Preparations of the di(hexylurea) 4, the di(ethyl urethane) 5 and the diamides 7 were carried out as previously described [1,11-13].
Crystal structures are represented in ORTEP . Tables of crystal data and bond lengths and angles are presented in Supporting Information File 1. The full data can be obtained free of charge from the Cambridge Crystallographic Data Centre via http://www.ccdc.cam.ac.uk/data_request/cif. CCDC numbers 925965 and 925966.
All the measurements were performed using graphite-monochromatized MoKα radiation at 100 K: C36H66N4O5, Mr 634.93, monoclinic, space group P21/c, a = 21.0815(7) Å, b = 20.1551(6) Å, c = 17.9547(6) Å, β = 92.203(2)°, V = 7623.3(4) Å3, Z = 8, dcalc = 1.106 g cm−3, μ = 0.073 mm−1. A total of 34296 reflections were collected (Θmax = 25.0°), from which 13358 were unique (Rint = 0.0344), with 8670 having I > 2σ(I). The structure was solved by direct methods (SHELXS-97)  and refined by full-matrix least-squares techniques against F2 (SHELXL-97) . Three of the eight tert-butyl groups as well as two of the four hexyl groups in the two molecules of the asymmetric unit are disordered over two orientations. Their site occupation factors were refined to add to unity each and equivalent bonds were restrained to have the same lengths. The same anisotropic displacement parameters were used for equivalent atoms of the disordered groups. The other non-hydrogen atoms were refined with anisotropic displacement parameters without any constraints. The H atoms of the NH groups were refined with N–H distances of 0.88 Å, but without any further positional constraints, and with a common isotropic displacement parameter. The H atoms of the ordered CH2 groups were refined with their isotropic displacement parameters fixed to 1.2 times Ueq of the C atom they are bonded to and idealized geometry with approximately tetrahedral angles and C–H distances of 0.99 Å. The H atoms of the methyl groups were refined with their isotropic displacement parameters fixed to 1.3 times Ueq of the C atom they are bonded to and idealized geometry with tetrahedral angles, staggered conformation, and C–H distances of 0.98 Å. For 902 parameters final R indices of R1 = 0.0670 and wR2 = 0.1708 (GOF = 1.015) were obtained. The largest peak in a difference Fourier map was 0.400 eÅ−3.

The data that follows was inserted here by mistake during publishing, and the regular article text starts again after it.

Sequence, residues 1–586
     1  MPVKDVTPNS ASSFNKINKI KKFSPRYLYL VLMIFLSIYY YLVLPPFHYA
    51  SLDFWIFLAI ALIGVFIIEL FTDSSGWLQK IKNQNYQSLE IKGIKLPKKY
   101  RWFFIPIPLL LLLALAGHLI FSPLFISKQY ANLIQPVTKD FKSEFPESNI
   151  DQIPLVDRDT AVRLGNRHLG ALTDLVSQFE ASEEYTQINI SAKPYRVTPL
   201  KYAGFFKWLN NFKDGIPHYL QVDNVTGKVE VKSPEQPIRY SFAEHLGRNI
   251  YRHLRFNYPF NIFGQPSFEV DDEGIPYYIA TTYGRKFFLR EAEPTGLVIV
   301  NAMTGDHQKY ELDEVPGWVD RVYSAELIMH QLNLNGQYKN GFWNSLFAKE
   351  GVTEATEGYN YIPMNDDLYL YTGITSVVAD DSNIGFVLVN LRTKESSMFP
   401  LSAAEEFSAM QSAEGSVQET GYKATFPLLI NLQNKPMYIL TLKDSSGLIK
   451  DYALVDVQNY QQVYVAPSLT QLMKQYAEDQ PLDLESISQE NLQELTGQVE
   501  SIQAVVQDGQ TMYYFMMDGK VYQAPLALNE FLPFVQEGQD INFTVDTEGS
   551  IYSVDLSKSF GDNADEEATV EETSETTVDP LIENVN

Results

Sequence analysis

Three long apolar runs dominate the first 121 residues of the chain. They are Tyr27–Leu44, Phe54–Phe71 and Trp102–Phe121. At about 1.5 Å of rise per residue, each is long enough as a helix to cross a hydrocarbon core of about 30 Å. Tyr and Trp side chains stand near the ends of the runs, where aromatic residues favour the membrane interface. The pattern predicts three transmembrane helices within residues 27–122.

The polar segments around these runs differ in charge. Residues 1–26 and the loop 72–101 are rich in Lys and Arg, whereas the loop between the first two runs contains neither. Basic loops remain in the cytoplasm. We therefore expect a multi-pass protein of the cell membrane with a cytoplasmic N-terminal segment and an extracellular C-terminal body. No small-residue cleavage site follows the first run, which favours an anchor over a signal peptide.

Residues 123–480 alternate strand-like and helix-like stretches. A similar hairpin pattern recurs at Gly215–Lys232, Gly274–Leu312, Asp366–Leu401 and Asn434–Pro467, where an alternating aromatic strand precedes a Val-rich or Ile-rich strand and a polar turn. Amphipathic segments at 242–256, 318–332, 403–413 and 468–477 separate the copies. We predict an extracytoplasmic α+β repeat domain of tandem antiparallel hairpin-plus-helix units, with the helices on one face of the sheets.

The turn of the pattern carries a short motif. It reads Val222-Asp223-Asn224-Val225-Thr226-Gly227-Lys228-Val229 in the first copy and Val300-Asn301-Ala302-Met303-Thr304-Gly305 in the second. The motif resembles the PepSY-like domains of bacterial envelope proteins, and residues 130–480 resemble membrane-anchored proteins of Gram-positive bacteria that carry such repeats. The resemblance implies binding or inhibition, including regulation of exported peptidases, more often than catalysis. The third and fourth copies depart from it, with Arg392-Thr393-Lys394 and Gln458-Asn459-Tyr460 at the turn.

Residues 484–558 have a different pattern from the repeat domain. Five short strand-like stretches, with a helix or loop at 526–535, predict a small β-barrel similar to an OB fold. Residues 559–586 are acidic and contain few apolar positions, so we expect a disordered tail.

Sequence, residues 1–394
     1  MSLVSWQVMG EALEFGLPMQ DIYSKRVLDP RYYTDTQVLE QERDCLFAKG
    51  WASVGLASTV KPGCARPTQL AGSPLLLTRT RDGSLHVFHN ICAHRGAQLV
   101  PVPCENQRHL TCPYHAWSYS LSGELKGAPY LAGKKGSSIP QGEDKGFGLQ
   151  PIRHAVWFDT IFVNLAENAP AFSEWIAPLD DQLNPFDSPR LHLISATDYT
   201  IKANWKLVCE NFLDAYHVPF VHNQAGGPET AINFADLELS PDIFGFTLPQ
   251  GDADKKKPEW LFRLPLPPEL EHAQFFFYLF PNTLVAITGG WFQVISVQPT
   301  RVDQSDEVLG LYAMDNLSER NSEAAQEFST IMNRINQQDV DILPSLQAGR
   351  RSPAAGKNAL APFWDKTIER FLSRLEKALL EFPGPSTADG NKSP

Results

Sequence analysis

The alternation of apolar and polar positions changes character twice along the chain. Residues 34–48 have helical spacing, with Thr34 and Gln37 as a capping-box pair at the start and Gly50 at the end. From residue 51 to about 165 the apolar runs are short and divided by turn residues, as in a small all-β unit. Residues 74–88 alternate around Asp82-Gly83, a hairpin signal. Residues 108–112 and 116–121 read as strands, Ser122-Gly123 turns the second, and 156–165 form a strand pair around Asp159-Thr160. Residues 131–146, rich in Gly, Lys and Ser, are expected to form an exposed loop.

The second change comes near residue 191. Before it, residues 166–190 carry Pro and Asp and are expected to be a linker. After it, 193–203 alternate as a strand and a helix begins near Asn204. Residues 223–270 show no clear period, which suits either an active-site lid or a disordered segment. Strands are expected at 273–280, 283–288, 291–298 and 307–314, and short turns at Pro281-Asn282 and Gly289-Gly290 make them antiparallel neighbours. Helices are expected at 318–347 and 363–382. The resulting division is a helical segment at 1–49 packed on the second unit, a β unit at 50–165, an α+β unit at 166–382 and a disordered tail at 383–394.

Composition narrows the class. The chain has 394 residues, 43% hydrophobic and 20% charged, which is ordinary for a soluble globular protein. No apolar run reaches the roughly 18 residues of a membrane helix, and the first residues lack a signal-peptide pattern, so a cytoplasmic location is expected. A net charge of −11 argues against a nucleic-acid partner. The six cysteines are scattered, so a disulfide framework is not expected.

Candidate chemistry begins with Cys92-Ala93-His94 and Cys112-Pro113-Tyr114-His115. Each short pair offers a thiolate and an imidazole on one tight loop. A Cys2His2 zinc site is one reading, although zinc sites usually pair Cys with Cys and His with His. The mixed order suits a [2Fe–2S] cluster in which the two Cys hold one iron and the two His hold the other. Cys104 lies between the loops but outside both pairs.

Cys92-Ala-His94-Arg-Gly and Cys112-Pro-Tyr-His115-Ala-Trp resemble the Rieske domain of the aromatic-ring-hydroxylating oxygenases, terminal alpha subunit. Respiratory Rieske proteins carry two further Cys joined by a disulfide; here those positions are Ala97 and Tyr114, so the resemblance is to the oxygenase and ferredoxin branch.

All the measurements were performed using graphite-monochromatized MoKα radiation at 100 K: C26H44N2O7, Mr 496.63, monoclinic, space group C2/c, a = 16.8698(6) Å, b = 10.4411(6) Å, c = 17.1497(7) Å, β = 113.903(3)°, V = 2761.7(2) Å3, Z = 4, dcalc = 1.194 g cm−3, μ = 0.086 mm−1. A total of 11810 reflections were collected (Θmax = 27.5°), from which 3165 were unique (Rint = 0.0254), with 2622 having I > 2σ(I). The structure was solved by direct methods (SHELXS-97)  and refined by full-matrix least-squares techniques against F2 (SHELXL-97) . The non-hydrogen atoms were refined with anisotropic displacement parameters without any constraints. The H atom bonded to N4 was refined without any positional constraints with an individual isotropic displacement parameter. The H atoms of the methyl groups were refined with common isotropic displacement parameters for the H atoms of the same group and idealized geometries with tetrahedral angles, enabling rotation around the X–C bond, and C–H distances of 0.98 Å. For 177 parameters final R indices of R1 = 0.0377 and wR2 = 0.1058 (GOF = 1.045) were obtained. The largest peak in a difference Fourier map was 0.408 eÅ−3.
The extractions of ions from H2O to CHCl3 with the aid of bis-crown ether amides 7a and 7c (Table 1) were carried out as described previously [11,16]. Briefly, equimolar amounts of picrate and crown ether in H2O and CHCl3 respectively were shaken vigorously for 10 min. The extent of extraction into CHCl3 was measured by UV spectrophotometry at 354 nm.
|Supporting Information File 1: Hydrogen bonding pattern in 5, calculated structures of compounds 3, 4, 5, 7a and 7b. X-ray structural data, bond lengths and bond angles for 4 and 5, and preparative and computational details.|